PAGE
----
“You two go on ahead. Tell Dad I’ll be back before long.”
“I’m telling Dad you’re going to shoot a bird!” Michel yelled before trying to run off.
Jacob grabbed him by the arm and spun him around. “Shut up, you hear?”
V stepped in and pulled Michel free. “Both of you, shut up. Mic, you shut your trap and don’t tattle. Let Davie Crocket miss his shot, okay?”
Jacob began to fume, his eyes watering the slightest bit. He tightened his grip on the rifle and ran back into the bush. They left, talking about him in hushed tones. He didn’t look at them. His eyes scanned the trees.
In the corner of his eye, he saw something move. He trained his sights up a tree and saw nothing for a while. As he focused his eyes, he caught another flicker of movement. On the top most branch of an old fir tree, an owl sat, its eyes open and scanning. It must have just finished its hunt, and now be looking for a place to sleep. It was camouflaged, almost invisible.
Jacob held his breath. It was far away, further than he had ever shot. The rifle began to shake in his hands, and he had to take a deep, calming breath. He focused the sights on it, and held his breath. He clicked the trigger, feeling the gun recoil with a defining roar. The smell of gunpowder cut the air, and a flock of birds exploded into motion somewhere behind him.
The great owl disappeared from the branch, leaving behind a haze of feathers. Jacob stood up from the bush he had been hiding in, shaking off the morning dew. He ran to the base of the old fir and found the Great Horned Owl, laying on its side, its wings outstretched in a final desperate motion. Its eyes were glassy and open, and stared far away. The beak was lulled open, and moved up and down a few times. The chest of the thing was heaving and gasping. A gurgling sound emanated from its chest. Blood sputtered from its mouth, and after a few seconds, everything just stopped.
Jacob watched, his eyes wide. The bullet wound was visible in its chest, and looked red and angry. The blood coated the bird’s feathers, turning them from a bright, brilliant silver to a dull, sticky red. He walked over and kneeled down beside the bird. It was bigger that he thought, and its wings, spread out, looked as long as he was tall. Jacob touched the feathers, feeling the warmth of the creature. A drop of water, dew from one of the tall hanging trees, fell directly into the birds eye. It didn’t flinch.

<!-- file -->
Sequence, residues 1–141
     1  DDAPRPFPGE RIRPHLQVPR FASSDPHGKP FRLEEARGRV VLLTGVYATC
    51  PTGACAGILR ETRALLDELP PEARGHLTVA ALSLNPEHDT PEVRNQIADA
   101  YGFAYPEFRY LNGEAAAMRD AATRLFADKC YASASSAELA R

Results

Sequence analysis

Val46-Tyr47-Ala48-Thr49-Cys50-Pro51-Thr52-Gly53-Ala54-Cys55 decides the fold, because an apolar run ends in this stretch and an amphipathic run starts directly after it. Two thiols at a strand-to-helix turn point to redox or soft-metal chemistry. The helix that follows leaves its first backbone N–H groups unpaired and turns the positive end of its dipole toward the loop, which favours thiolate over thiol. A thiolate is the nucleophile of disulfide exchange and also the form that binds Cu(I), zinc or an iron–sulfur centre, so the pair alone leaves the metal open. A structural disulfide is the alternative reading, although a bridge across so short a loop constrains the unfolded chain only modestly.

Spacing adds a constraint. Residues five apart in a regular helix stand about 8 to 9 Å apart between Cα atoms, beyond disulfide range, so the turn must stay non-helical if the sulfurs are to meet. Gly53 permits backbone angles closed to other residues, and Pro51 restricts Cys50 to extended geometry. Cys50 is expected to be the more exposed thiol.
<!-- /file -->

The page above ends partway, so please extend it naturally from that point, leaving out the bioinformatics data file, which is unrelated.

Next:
Jacob looked down at his own hands. He stood and tried to wipe them on his jeans, but the feeling stayed. He leaned down and picked the owl up. Its wings dragged across the earth as he carried it further and further into the forest. He laid the bird down next to a small stream that ran through the undergrowth. The soil there was soft and damp, and his hands carved through it easily. The mud crusted under his fingernails as he dug. His fingers became raw, and before he finished, blood of his own coated his hands.
Tears fell down his cheeks, but he didn’t whimper or sob. He just frowned, glancing over at the bleeding body every few minutes. Jacob placed the bird inside the hole and piled dirt around it. He packed the dirt around the bird, and when he finished, a few of its feathers poked through the dirt. He stood, looking down. His shirt stank of dirt and blood, and was stained horribly. The stream wasn’t strong enough to wash the blood away.
He walked home. His feet dragged through the dirt as he walked. The trees gave way to the open field and the small house at its center. The sun was high in the sky, beginning its decent toward the horizon. It was silent as he walked, except for the soft bellowing of cows.
As he rounded the final curve toward the house, he saw his brother, dressed in his Sunday best, chasing a chicken around the barn. The boy froze when he saw Jacob. He ran inside, and Jacob sat on a downed tree and waited for his father.
“You get it?” Violet’s voice came from the door of the house.
Jacob looked up, but didn’t say anything. A voice came from inside, and Violet ran off.
In his mind, Jacob felt something new inside himself. It was a cold feeling that lingered. He realized that the gun wasn’t on his shoulders anymore. It was still beneath that old fir, and would stay there.